We asked David McNally, Concierge at Four Seasons Hotel Dublin to gather the savviest suggestions he could find—not just his own, but also those of other local connoisseurs, including some he works with every day at the Hotel. A historic city brimming as much with culture as it is with great heritage and authentic old-time bars, Dublin offers a metropolitan experience with the charm of a small town.
History and Heritage
For anyone interested in Irish heritage and genealogy, a visit to Glasnevin Museum and Cemetery is a must. Located on Dublin’s Northside, about 4 miles (6 kilometres) from the Hotel, this modern, interactive attraction offers an introduction to the wealth of Ireland’s history. Unless you’re familiar with the city centre traffic lanes and routes, we’d advise taking a taxi. While you’re in the area, try a tipple (or two) in one of Dublin’s most noted Victorian pubs, John Kavanagh’s Gravediggers at 1 Prospect Square.
Ireland is rightly acclaimed for its literary talents, and Dublin is no lightweight when it comes to showcasing them. Ireland’s National Theatre, also known as the Abbey Theatre, is dedicated to the preservation and production of plays by Irish authors past and present. For a more international programme, visit the Gate Theatre, where productions of classic and contemporary European works are a constant. For dance, musicals and other productions, check out what’s on in the Gaiety Theatre and the Bord Gáis Energy Theatre. Each has an ongoing schedule of shows.
Come evening time, music and laughter fill the air in and around the neighbourhood pubs. You’ll find offerings of Guinness and Irish whiskies almost anywhere, of course, but a short walk from the Hotel are three not-to-miss pubs and restaurants. Drop into Toners for a quiet pre-dinner drink; stay awhile and admire the lovely Victorian interiors at Doheny & Nesbits; and cap off your evening with traditional Irish music at O’Donoghues.
Though rich in tradition and local fare, Dublin’s culinary community offers global appeal. For some of the city’s best dining (and smartest interiors), get to the St. Stephen’s Green area, where Thornton’s Restaurant, Cliff Townhouse and Shanahan’s on the Green each serve fresh, contemporary Irish dishes. If you’d rather dine on lighter fare closer to the Hotel, then The French Paradox wine bar is virtually at your doorstep. With its broad range of French tapas and a dizzying array of European wines, this place is—très chic.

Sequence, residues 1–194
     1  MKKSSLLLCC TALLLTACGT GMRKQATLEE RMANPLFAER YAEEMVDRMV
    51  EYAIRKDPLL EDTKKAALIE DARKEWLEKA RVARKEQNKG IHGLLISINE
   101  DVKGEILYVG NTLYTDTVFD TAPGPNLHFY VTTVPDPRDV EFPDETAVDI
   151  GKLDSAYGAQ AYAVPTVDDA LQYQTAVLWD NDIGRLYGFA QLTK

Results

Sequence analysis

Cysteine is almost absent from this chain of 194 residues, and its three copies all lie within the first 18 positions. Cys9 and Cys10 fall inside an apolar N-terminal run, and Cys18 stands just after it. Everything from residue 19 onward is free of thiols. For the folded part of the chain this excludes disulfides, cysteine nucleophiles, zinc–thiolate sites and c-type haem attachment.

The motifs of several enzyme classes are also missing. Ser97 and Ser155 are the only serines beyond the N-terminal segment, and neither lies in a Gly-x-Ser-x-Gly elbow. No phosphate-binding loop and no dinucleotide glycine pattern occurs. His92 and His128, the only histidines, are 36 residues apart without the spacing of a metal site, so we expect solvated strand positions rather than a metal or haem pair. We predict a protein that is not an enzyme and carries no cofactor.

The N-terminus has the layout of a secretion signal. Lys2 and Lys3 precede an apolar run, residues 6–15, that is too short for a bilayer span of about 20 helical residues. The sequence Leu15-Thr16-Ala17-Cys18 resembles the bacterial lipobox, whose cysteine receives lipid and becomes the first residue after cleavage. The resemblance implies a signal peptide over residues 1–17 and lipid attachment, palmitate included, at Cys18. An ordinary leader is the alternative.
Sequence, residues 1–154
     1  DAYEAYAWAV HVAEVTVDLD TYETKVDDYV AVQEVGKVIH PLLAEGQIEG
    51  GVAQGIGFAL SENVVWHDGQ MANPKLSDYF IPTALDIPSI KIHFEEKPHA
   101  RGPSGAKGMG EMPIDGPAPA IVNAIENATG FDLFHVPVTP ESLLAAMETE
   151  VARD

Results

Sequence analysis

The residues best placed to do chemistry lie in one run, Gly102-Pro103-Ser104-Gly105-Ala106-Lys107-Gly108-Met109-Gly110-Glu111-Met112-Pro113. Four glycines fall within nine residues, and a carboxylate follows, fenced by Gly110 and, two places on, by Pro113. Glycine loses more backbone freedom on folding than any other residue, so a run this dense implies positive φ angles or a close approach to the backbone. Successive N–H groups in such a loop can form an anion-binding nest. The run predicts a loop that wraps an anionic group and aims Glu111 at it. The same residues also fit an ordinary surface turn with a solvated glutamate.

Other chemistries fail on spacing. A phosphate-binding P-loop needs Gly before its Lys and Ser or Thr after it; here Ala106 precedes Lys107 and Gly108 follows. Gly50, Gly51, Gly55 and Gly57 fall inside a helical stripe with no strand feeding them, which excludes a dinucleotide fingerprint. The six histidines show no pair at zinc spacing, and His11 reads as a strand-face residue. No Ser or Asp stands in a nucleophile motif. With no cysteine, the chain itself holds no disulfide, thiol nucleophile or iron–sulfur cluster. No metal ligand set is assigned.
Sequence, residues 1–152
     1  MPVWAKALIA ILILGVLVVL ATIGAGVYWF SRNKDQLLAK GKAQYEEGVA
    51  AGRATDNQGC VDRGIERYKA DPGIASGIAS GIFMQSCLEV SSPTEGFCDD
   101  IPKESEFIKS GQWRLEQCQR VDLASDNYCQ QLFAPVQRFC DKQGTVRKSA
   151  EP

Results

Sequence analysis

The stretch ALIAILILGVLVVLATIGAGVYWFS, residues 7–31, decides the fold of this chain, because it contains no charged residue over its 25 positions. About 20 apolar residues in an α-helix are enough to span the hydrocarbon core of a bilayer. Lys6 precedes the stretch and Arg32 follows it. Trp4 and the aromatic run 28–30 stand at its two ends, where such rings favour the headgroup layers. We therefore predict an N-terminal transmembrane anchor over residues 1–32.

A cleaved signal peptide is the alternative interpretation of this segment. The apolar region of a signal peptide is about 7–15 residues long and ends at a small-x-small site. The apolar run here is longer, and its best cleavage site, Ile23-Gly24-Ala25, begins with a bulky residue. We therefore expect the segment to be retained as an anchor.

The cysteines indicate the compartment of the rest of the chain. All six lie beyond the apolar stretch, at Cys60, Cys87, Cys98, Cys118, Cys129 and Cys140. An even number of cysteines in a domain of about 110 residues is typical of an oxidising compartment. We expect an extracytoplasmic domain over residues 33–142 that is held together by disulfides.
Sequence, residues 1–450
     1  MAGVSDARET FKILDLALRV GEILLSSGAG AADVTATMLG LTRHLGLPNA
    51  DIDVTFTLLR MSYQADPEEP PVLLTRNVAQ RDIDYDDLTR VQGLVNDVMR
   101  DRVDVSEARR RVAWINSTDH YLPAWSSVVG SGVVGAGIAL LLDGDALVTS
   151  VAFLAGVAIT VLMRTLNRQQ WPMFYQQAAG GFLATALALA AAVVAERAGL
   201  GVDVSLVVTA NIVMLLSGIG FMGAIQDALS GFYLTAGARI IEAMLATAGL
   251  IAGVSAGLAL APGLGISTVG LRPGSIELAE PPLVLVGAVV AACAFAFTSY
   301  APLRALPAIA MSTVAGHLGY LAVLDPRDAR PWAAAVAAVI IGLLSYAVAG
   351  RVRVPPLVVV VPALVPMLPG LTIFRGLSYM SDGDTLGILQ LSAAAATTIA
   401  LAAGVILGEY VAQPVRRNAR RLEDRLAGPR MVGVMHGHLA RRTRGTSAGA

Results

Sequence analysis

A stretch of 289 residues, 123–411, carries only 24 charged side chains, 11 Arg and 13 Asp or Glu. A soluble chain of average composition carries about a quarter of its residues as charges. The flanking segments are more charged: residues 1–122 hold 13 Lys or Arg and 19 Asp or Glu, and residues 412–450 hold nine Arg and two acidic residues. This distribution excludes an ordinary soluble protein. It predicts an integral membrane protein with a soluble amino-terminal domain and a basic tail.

Brown soda bread, made with wholemeal flour and buttermilk, has been a staple of Irish cuisine for centuries. The addition of Guinness stout to the dough before baking makes for a darker loaf with a richer flavour. This bread, along with traditional blood sausage known as black pudding, appears at breakfast tables throughout the country. A great place to sample these and other traditional Irish foods is the Winding Stair restaurant overlooking the river Liffey in the city centre.
Ireland is home to some of the world’s most beautiful—and most challenging—golf courses. The wayward winds of the links courses on Ireland’s coast entice experienced players, but novices can enjoy a round, too. Old Course Portmarnock, some 15 miles (24 kilometres) north of the Hotel, is ranked among the top courses in the world, while the top-ranked European Course, just 30 miles (48 kilometres) south of the Hotel at Brittas Bay, offers the exceptional scenery of County Wicklow’s landscapes.